LONDON (Reuters) – Democracies around the world are under a constant barrage of cyberattacks that must be identified, called out and stopped, Microsoft President Brad Smith told a gathering of security and defence officials on Wednesday.
Speaking at the Atlantic Future Forum, Smith named Russia, China, Iran and North Korea as the states most frequently engaged in malicious cyberattacks targeting elections and the domestic politics of other countries.
“We’re living in this period of time that is certainly not necessarily war but doesn’t feel entirely like peace either,” he said. “It’s this grey zone where we see these constant cyberattacks.
“Five years ago, I think we thought about this principally in terms of attacks on, say, conventional infrastructure or our military capabilities, but today I think it’s just become an onslaught on democracy itself.”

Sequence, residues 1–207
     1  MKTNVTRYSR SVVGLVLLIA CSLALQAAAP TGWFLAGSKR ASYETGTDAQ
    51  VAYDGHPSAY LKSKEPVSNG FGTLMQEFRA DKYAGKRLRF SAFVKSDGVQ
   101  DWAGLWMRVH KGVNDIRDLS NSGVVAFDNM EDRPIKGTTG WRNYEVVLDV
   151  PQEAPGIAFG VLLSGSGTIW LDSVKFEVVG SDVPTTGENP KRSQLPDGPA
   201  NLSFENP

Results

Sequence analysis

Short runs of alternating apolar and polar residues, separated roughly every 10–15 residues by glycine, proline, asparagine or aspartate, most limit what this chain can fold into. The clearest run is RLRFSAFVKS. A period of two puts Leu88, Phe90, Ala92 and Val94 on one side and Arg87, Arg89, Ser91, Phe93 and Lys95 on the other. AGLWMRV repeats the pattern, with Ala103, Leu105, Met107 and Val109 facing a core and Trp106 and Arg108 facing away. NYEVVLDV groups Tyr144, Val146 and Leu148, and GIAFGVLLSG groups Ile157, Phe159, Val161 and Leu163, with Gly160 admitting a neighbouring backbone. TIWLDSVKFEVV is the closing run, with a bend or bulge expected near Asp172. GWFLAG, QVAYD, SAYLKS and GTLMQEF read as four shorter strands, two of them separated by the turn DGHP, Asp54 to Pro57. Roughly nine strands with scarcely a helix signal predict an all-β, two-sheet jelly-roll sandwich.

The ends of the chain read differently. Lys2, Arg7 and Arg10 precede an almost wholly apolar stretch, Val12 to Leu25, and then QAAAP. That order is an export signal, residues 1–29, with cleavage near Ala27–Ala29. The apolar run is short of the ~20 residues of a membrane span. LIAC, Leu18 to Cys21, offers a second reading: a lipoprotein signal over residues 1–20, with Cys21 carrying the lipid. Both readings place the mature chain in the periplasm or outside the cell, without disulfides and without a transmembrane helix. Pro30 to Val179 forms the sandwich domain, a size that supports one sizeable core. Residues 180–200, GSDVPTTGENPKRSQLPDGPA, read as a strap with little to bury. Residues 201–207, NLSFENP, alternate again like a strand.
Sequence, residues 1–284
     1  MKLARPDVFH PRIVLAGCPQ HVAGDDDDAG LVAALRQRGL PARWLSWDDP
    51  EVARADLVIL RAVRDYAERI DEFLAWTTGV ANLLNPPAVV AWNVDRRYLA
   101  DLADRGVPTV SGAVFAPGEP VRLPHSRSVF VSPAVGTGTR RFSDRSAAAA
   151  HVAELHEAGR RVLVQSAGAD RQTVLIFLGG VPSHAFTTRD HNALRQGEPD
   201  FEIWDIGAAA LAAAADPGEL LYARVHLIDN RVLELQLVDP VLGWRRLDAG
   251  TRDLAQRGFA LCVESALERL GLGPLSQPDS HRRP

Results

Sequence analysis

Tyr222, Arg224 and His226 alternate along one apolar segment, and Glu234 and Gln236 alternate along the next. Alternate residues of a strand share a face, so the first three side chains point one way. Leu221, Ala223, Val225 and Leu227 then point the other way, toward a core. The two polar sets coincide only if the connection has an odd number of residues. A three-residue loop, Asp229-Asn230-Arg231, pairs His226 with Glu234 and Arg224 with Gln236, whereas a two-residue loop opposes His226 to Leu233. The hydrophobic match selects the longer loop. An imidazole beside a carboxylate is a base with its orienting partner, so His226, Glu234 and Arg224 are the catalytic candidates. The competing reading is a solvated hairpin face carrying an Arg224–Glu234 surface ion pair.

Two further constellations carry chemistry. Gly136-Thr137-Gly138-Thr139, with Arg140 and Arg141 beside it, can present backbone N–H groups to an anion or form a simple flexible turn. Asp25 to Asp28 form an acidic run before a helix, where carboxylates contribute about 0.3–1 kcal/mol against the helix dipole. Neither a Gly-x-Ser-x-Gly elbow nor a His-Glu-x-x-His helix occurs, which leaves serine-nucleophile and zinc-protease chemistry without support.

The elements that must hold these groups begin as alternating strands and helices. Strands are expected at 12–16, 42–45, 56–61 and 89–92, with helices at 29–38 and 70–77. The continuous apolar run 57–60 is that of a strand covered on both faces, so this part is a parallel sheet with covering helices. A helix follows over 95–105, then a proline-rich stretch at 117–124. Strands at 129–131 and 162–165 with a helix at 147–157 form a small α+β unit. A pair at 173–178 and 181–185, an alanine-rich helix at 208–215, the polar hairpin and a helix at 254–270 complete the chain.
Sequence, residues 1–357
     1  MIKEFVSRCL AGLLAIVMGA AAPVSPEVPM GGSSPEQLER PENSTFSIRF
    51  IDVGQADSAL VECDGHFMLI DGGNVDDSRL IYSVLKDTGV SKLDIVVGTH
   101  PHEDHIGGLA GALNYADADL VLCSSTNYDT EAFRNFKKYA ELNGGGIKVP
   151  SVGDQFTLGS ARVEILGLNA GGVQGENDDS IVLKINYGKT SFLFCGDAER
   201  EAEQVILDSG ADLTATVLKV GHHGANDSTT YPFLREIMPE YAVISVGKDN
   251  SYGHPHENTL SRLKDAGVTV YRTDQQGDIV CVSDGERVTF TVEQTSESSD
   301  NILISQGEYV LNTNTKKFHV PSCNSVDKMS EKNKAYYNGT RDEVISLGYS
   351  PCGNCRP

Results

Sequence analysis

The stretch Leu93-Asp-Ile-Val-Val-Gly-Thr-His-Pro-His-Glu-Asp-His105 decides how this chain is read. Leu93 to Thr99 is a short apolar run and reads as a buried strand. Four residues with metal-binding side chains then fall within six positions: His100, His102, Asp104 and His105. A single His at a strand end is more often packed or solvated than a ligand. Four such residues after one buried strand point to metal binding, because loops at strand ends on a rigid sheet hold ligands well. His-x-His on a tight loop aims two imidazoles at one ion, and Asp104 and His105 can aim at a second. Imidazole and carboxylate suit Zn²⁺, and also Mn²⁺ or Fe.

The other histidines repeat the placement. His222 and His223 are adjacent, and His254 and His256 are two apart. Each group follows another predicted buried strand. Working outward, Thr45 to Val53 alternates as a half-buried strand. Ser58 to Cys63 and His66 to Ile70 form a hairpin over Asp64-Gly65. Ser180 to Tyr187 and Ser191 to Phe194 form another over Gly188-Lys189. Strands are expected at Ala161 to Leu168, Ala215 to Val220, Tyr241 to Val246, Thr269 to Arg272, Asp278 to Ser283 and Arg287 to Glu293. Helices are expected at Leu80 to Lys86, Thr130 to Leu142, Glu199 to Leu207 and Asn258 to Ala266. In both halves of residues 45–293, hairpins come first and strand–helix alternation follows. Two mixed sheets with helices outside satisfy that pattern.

U.S. officials have warned that countries including Russia and Iran are tryting to sway the outcome of the Nov. 3 presidential election. Moscow and Tehran have repeatedly denied such accusations.
Smith said the “hacking and weaponising” of private emails and disinformation campaigns posed the greatest threats. “I do believe it’s one of the greatest risks to the protection of our democracies today.”
(Reporting by Jack Stubbs; Editing by Mark Heinrich)